Travel News

Sleepcation: Benefits And Downsides Of This Relaxing Vacation

Sleepcation: Benefits And Downsides Of This Relaxing Vacation

From “gig-tripping” to “travel dupes” to “hush trips,” the number of new travel trends is seemingly endless. But perhaps the most appealing concept in the tourism space of late is the “sleepcation.”

So much of travel these days seems to involve running ourselves ragged trying to hit every amazing attraction we see on TikTok and Instagram. Sleepcations, however, take the polar opposite approach to vacation.

But what exactly is a sleepcation and how does it work? Below, travel experts break down the benefits and downsides of sleep tourism.

What is a ‘sleepcation’?

“At its root, it’s really as simple as it sounds: taking a vacation with the intention to get a good night or a few good nights of sleep,” said Tanner Saunders, a senior hotels reporter at The Points Guy. “It can be as simple as checking into a hotel in your own city with a special sleep package that includes enhanced ways to get a great night of sleep ― like a fancy bed, some advanced technology, sound machines or some sleep-enhancing supplements ― or a full-on sleep retreat where you meet with experts who help guide your physical and mental wellness to make sure you leave feeling renewed, refreshed and relaxed.”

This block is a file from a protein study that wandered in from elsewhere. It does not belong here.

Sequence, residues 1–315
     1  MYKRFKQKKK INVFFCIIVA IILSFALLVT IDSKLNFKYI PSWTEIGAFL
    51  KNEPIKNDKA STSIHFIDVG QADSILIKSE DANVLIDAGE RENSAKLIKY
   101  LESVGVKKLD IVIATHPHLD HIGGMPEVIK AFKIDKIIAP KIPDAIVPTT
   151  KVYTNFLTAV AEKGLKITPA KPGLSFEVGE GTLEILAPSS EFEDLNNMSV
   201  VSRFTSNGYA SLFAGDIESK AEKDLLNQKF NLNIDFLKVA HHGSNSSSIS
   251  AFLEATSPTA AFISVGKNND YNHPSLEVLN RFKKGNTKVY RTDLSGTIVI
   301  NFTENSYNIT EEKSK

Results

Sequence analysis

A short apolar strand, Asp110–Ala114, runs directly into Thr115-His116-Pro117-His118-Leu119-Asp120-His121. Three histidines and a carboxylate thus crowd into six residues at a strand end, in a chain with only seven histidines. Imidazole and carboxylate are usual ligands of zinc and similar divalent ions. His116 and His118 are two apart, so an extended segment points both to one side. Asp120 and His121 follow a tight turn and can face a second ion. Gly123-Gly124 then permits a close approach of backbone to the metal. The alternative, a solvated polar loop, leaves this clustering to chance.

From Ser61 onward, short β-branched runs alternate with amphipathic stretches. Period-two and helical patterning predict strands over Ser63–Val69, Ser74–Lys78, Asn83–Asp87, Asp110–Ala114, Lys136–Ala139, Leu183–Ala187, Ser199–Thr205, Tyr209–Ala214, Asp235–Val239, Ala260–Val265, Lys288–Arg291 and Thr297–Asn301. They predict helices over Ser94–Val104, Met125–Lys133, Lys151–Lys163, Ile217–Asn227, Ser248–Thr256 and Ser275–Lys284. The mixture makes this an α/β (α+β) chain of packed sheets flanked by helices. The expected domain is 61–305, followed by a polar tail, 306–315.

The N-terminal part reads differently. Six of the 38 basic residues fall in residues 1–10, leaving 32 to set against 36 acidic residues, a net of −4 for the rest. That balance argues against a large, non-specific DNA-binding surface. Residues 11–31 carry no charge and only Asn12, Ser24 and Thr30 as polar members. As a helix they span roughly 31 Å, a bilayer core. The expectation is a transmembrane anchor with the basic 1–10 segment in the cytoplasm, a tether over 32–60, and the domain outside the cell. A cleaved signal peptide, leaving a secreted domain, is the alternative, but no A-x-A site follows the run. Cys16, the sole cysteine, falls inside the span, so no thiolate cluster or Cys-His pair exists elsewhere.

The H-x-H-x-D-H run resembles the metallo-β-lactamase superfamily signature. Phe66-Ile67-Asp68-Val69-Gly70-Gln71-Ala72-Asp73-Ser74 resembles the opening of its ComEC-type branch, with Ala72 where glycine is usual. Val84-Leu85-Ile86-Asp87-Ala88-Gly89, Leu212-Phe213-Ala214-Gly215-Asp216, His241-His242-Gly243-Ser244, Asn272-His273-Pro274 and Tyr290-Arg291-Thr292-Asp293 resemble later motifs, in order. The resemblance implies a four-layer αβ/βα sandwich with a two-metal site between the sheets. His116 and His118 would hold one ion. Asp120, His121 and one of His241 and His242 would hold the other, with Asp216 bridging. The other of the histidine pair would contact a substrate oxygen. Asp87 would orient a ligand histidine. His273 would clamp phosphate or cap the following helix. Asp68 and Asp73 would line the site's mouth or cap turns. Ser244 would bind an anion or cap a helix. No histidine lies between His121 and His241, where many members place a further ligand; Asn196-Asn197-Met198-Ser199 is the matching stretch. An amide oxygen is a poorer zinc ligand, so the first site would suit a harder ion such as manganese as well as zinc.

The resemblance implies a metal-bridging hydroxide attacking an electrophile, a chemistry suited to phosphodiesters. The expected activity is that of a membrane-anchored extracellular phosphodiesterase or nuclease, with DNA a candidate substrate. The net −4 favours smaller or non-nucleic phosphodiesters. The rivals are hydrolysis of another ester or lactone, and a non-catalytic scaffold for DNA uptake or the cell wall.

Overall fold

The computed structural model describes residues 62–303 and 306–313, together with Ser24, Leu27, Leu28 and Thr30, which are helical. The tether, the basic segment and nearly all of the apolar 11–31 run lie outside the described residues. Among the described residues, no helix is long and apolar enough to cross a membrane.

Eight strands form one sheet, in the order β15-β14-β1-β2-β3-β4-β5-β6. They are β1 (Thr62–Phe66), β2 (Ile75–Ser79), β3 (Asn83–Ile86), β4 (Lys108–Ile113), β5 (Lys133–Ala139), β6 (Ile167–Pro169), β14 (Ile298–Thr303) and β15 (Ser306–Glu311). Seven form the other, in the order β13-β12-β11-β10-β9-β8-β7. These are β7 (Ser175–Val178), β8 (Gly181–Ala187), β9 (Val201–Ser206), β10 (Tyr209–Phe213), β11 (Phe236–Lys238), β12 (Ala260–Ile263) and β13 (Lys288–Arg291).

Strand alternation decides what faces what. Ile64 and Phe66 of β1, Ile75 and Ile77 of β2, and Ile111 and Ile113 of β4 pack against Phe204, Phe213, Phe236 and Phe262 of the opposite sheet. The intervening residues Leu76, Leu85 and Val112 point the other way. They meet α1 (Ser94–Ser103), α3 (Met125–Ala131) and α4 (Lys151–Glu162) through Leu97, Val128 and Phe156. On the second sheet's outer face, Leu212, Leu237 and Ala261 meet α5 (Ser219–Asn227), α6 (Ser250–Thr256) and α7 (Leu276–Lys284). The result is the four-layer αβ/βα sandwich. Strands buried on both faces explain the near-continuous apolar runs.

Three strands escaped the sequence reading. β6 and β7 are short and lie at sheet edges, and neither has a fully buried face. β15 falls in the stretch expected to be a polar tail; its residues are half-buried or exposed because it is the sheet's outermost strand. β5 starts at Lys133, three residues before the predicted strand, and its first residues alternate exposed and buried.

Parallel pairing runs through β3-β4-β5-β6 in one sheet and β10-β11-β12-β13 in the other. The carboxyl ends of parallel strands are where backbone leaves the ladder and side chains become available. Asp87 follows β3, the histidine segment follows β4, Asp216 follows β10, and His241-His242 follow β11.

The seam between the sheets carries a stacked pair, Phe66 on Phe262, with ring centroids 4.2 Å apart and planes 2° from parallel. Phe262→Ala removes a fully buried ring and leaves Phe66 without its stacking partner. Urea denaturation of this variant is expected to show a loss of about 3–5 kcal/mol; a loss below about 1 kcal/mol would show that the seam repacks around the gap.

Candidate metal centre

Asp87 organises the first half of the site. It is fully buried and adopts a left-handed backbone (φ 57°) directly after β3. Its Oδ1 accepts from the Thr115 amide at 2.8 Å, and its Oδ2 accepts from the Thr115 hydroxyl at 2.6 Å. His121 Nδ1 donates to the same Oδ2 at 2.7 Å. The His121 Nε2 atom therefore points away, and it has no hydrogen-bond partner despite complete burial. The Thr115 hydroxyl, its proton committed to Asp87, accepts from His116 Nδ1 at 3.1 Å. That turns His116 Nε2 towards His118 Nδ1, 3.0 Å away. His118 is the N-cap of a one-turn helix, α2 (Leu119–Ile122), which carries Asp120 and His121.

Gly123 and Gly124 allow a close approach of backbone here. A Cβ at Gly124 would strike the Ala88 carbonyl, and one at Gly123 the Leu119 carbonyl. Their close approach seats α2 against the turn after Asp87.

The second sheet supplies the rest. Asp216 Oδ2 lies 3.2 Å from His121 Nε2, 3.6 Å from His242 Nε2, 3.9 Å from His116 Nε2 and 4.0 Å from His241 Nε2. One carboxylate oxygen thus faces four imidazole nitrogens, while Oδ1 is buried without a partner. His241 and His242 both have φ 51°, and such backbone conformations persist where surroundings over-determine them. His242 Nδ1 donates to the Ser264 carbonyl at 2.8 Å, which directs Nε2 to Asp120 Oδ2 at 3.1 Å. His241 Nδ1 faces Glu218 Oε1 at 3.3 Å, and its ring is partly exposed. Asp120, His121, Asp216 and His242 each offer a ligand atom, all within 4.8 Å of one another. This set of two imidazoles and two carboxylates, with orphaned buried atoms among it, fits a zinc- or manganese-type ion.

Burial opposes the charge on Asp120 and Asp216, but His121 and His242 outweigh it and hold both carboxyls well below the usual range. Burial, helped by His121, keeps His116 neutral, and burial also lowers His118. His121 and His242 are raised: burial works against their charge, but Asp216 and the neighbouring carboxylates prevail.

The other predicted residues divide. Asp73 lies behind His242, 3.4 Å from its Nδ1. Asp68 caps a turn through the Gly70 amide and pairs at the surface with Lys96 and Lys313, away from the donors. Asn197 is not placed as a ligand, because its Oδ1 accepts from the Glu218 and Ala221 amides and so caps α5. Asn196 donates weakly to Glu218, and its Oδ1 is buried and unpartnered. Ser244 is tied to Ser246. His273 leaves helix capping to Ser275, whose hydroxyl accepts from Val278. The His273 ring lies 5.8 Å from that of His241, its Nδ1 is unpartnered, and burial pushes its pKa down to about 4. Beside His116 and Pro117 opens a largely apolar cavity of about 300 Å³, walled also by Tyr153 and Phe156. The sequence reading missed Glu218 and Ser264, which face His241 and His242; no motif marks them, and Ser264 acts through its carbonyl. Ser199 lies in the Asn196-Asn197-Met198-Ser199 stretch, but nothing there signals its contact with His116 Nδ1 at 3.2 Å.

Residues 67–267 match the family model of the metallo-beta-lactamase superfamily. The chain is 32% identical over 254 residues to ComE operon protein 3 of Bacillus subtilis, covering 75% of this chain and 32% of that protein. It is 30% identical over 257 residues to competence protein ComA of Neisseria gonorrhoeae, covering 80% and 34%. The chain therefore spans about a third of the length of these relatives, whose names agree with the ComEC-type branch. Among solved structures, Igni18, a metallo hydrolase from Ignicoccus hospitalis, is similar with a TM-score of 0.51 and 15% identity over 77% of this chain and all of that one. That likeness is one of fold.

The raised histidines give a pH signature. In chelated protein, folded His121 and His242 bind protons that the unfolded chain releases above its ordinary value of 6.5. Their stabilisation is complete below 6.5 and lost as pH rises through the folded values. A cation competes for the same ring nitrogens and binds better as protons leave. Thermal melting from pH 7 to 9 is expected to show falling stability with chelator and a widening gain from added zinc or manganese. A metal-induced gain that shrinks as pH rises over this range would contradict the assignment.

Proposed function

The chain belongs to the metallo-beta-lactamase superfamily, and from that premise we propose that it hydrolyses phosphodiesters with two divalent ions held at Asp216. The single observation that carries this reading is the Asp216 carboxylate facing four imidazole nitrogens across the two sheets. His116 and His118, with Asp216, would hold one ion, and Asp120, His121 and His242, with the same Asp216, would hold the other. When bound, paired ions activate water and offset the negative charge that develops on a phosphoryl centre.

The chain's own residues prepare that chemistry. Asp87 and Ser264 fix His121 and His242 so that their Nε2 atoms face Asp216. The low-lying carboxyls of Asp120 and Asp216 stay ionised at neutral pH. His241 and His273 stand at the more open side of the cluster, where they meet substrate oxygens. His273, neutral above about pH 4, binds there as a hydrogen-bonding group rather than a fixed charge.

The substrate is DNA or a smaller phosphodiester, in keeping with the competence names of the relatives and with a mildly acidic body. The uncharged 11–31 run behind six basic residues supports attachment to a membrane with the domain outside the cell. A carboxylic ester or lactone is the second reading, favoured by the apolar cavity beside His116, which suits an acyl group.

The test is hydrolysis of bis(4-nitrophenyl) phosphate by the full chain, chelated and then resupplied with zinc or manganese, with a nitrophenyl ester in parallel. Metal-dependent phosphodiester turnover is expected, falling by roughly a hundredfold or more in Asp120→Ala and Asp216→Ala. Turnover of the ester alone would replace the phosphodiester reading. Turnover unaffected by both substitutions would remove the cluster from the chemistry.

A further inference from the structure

Although the idea of taking a vacation with the aim of getting quality rest time is nothing new, the number of travelers interested in sleep tourism is growing. According to Skyscanner’s 2024 travel trends report, nearly 50% of American travelers surveyed say they are more mindful about sleep health now compared to a few years ago. The same research showed that “sleeping” topped the list of U.S. travelers’ main activities for their next vacation, outranking shopping, nightlife and wildlife spotting.

“While some wellness resorts have been focusing on sleep for years, now more and more resorts and hotels, from luxury to lifestyle and even budget-friendly properties, are making sure that sleep is as the forefront of a stay,” Saunders said. “For example, many luxury hotels are adding beds that use adaptive technology to enhance and track your sleep while some more budget-friendly options, often associated with a major hotel company, offer in-room meditation apps or sleep sounds.”

For example, the Malibu Beach Inn in Southern California features two designated “sleep suites,” and the Four Seasons Resort Hualalai on Hawaii’s Big Island offers an 80-minute “sweet dreams” massage treatment meant to promote a good night’s rest. Virgin…

Click Here to Read the Full Original Article at Travel…